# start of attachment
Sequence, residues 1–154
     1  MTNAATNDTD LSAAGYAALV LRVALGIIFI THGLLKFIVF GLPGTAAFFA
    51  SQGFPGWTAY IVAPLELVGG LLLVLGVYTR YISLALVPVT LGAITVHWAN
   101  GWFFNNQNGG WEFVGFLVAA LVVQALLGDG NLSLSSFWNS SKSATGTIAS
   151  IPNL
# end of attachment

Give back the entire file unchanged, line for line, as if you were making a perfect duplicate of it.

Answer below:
Sequence, residues 1–154
     1  MTNAATNDTD LSAAGYAALV LRVALGIIFI THGLLKFIVF GLPGTAAFFA
    51  SQGFPGWTAY IVAPLELVGG LLLVLGVYTR YISLALVPVT LGAITVHWAN
   101  GWFFNNQNGG WEFVGFLVAA LVVQALLGDG NLSLSSFWNS SKSATGTIAS
   151  IPNL